Individual resiliency has always been the challenge growing up in a world that can seem unforgiving and condemning. And in the network culture, the individual may be featured as a god (celebrity status) or a goat (bully target); someone to be admired or scorned; someone to love or hate inspiring strong emotion and anxiety. Hence individual resiliency is the most important life skill parents can teach the modern child, as indicated in a recent Chicago CBS feature about children and social media.
Tips for inspiring individual resiliency in cyber-powered youth
Fr. Emmerich Vogt, O.P. of the Western Dominican Province, spoke about truth in a talk this week at St. Joseph Marello Catholic Church in Granite Bay. He is the founder of 12-Step-Review, which offers thought leadership to put the serenity prayer into action. Vogt’s insights offer some leadership tips for parenting youth who are navigating tsunami waves of untruth in the social network:
- Correct thinking. Accepting the world as it is, imperfect and splendid, is critical. Otherwise we risk experiencing a pride/arrogance perspective that convinces us the world should conform to our own expectations and emotions and there will be no hope. This pride allows us to believe untruth which disturbs the peace; rather we need to keep our focus on the thoughts that are of God who is the source of peace and prosperity.
- Authenticity. Being authentic is expressing love, which is boundless and fearless. There is no fear in love, who is God. Without fear, we can find truth wherever it surfaces. “An atheist can speak truth,” Vogt declares, “Some Christians are so narrow minded they don’t see the goodness in other cultures.” We must help our children look for the good and beware of evil in their social networks, but don’t give evil a place in your heart. That is why it is strategic for parents to be careful not to condemn, but always express correct thinking about the evil and wrong doing in the world with a caring, merciful and hopeful heart. Then children will feel safe to talk about the things they are experiencing in the cyber social realms that disturb the peace.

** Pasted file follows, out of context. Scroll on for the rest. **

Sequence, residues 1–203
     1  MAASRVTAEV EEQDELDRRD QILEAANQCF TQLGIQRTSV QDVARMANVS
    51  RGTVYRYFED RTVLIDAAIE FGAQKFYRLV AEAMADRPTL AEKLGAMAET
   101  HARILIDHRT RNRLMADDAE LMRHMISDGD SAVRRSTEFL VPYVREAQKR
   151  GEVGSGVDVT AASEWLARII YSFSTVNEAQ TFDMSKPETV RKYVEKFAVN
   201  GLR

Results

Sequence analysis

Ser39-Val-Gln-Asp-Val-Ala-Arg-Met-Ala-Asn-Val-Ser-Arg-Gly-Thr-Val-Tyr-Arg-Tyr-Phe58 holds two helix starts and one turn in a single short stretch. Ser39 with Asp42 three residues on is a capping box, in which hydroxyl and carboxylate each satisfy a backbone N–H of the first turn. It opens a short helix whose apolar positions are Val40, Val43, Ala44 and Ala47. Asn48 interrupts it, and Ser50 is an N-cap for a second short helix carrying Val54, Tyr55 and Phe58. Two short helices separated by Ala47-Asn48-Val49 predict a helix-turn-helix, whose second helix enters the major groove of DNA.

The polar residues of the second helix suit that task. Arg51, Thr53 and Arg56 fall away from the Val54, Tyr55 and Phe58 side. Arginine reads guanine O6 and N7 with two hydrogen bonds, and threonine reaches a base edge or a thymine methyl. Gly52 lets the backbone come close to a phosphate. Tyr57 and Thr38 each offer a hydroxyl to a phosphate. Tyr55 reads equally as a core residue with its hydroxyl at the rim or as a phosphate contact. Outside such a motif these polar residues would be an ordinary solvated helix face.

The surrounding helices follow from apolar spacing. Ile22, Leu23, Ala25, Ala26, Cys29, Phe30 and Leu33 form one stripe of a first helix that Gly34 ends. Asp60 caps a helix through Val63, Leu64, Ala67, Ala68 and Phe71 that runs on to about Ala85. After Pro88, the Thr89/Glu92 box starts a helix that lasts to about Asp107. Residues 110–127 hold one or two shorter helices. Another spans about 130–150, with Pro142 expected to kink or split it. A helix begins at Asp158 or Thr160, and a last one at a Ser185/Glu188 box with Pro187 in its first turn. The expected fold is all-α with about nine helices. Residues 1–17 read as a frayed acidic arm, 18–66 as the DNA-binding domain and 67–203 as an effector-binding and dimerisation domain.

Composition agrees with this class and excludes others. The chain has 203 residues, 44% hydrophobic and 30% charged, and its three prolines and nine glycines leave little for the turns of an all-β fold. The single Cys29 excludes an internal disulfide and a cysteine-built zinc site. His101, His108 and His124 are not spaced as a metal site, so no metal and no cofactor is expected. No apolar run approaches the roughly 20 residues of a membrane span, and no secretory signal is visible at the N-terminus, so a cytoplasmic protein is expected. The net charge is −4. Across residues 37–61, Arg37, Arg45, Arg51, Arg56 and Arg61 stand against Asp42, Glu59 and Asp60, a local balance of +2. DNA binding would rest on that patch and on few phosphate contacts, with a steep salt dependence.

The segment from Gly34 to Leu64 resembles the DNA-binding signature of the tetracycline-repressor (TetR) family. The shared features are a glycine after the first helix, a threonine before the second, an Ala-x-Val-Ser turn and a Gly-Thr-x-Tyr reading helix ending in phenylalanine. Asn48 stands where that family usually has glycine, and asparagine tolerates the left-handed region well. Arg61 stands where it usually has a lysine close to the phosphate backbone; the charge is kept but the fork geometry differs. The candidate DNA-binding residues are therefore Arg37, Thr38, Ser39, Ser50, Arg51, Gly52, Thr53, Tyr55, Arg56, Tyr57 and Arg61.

- Feelings are real experiences, and they not the facts. Having feelings that inspire elation and sorrow, such as infatuation, happiness, anger, rage, anxiety, hate, etc., are real experiences that do not condemn us. And while it is not a sin to have these feelings, the sin happens when we allow feelings to lead us, especially in the social network. Our power resides in the human capacity to apply the reason of our faith in response these feelings. “Feelings are amoral,” he said. Vogt encourages us to not confuse these human emotions with God’s love that is instructive and empowers free will; it liberates us from our sinful (weak) nature. Whereas “Hollywood love”, for example, is a feeling that is fleeting, hence divorce tearing apart families and inspiring divisiveness in our communities. By understanding the nature of feelings versus faith, we can help our children govern their own hearts and minds according to the truth that they and we are children of God, born to love and be loved in all circumstances as Christ taught us.
This capacity for God’s love in us through Christ is the individual resiliency that conquered the world, and this is the liberating authority within that cannot be taken by the world, but it can easily be surrendered by the individual. So have conversations with your children about cyber-safe house rules as limiting the power they give up to the device and the social network.
For more about governing the cyber-powered home with certain authority, go to: A Google World in the Garden of Eden: Five Family-Safe Strategies for Texting and Social Media.